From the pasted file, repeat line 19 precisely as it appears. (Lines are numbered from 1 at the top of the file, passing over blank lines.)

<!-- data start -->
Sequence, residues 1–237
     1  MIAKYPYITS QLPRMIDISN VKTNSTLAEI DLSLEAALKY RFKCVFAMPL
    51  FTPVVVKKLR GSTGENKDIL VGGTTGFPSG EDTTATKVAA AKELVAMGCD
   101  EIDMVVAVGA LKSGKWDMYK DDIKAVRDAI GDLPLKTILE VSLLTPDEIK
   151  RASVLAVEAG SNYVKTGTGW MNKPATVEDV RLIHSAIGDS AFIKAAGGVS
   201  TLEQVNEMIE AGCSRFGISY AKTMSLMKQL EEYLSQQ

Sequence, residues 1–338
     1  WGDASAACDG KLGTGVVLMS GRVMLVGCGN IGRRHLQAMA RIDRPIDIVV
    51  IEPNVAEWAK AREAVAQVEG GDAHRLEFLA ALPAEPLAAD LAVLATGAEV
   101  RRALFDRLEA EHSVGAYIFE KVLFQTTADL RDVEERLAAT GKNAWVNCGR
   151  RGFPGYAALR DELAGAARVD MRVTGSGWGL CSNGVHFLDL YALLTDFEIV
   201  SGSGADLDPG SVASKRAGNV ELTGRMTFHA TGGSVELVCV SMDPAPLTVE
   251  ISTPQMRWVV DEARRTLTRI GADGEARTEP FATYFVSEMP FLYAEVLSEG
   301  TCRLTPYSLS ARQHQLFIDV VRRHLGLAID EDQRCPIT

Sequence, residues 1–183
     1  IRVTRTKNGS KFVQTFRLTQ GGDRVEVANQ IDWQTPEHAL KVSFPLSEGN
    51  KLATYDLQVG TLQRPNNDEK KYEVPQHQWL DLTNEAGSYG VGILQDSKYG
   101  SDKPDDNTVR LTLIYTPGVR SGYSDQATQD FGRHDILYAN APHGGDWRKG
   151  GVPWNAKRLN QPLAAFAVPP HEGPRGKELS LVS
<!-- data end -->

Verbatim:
   151  GVPWNAKRLN QPLAAFAVPP HEGPRGKELS LVS